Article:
Communities and scientists from across disciplines must collaborate to address climate change, ensure a livable world and provide health and well-being for future generations, the International Association for Ecology and Health declared at its 5th Biennial EcoHealth Conference Aug. 11-15 in Montreal, Canada.
The declaration mirrors the commitment made by the University of Wisconsin-Madison Global Health Institute (GHI), a supporting sponsor of the conference, to a collaborative One Health vision that recognizes the health and well-being of people, animals and ecosystems are interdependent.
“We, at the Global Health Institute, are thrilled that the EcoHealth call to action so closely embraces our One Health priorities for world health, and recognizes the impacts of climate change on the well-being of everyone and everything that inhabits our planet,” says Christopher Olsen, GHI acting director and associate director for One Health. “This statement is particularly valuable because hundreds of prominent members of the ecohealth community from around the world discussed and ratified it.”
“There are ways that people and organizations can realign human activity to secure a livable world and provide health and well-being for future generations. This is not an easy task, but it is feasible.”—EcoHealth 2014 Call to Action
The declaration’s call for a widely diversified approach to climate and health is on target, and it is a reminder that the world must move from research to action to address the impact of climate change, Olsen says. He hopes to see a wide variety of other organizations—dealing with topics from agriculture to health care to environment—endorse and distribute the EcoHealth declaration.
UW-Madison closely linked to EcoHealth
UW-Madison has been closely involved with the International Association for Ecology and Health since its inception. Dr. Jonathan Patz, GHI director who shared the 2007 Nobel Prize for his work with the U.N. Intergovernmental Panel on Climate Change, served as the founding president, and UW-Madison hosted the first EcoHealth Conference in 2006.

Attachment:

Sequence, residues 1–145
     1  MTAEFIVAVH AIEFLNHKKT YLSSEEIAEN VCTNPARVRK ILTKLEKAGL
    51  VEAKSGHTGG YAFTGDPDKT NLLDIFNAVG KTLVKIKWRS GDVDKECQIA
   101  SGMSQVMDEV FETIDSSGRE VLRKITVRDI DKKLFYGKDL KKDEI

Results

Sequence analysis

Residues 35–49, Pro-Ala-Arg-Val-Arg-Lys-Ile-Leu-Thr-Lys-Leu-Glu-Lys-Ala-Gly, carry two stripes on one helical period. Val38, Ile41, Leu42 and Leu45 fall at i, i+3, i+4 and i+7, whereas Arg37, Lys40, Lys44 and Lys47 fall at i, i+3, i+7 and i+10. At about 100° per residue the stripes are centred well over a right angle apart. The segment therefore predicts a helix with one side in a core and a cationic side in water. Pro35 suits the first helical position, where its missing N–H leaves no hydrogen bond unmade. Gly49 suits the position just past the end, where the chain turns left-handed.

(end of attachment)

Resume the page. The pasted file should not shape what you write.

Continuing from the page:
“The EcoHealth mission is similar to One Health, in that health depends on so many interlinked sectors,” Patz says. “An ecohealth approach, which is really a systems approach, is essential for any activities we pursue.”
During the conference, Dr. Tony Goldberg, GHI associate director for research and professor in the School of Veterinary Medicine, presented how the One Health approach has resulted in a better understanding of human, animal and environmental health in Kibale National Park, Uganda. Heidi Busse, associate researcher in the School of Medicine and Public Health, also presented findings from a project to introduce orange-fleshed sweet potatoes to Ethiopian farmers.
Making connections for health, ecosystems and society
“People, our fellow creatures and our mutual planet need our urgent attention in the face of global environmental change,” the EcoHealth declaration says. “A focus on health—across humans, animals and other species—offers new opportunities to harness synergies across disparate efforts to address climate change.”
Like GHI, the EcoHealth declaration looks for practical steps and coordinated action to address climate change and improve health. The EcoHealth statement also echoes GHI’s pledge to
- embrace diverse cultures and forms of knowledge,
- foster community engagement,
- focus on equity,
- cultivate collaboration,
- prioritize ecosystem sustainability, and
- generate integrated research, planning and action.
GHI and UW-Madison’s Nelson Institute, Wisconsin Energy Institute and Office of Sustainability next bring international attention to the connection between climate and health as co-hosting organizations for “Action in Climate Change and Health,” an official side event to the September U.N. Climate Summit. The Public Health Institute, Global Climate and Health Alliance, and American College of Sports Medicine are also co-hosting organizations for the Sept. 22 event in New York City, a recognized side event with the U.N. Climate Summit.
This UW-Madison co-hosted event will recap the health risks of climate change and detail how addressing climate change presents health opportunities through active transportation, sustainable food systems and clean energy. Dr. Richard Horton from The Lancet opens the event, and Patz, a co-organizer, is among the panelists.
The Global Health Institute is dedicated to advancing health today while ensuring resources are available for health tomorrow. Solutions depend on collaboration between UW-Madison and local and world partners who can address the complex and interdependent root causes of disease. To learn more or to make a gift, visit test.ghi.wisc.edu.
By Ann Grauvogl/ Aug. 25, 2014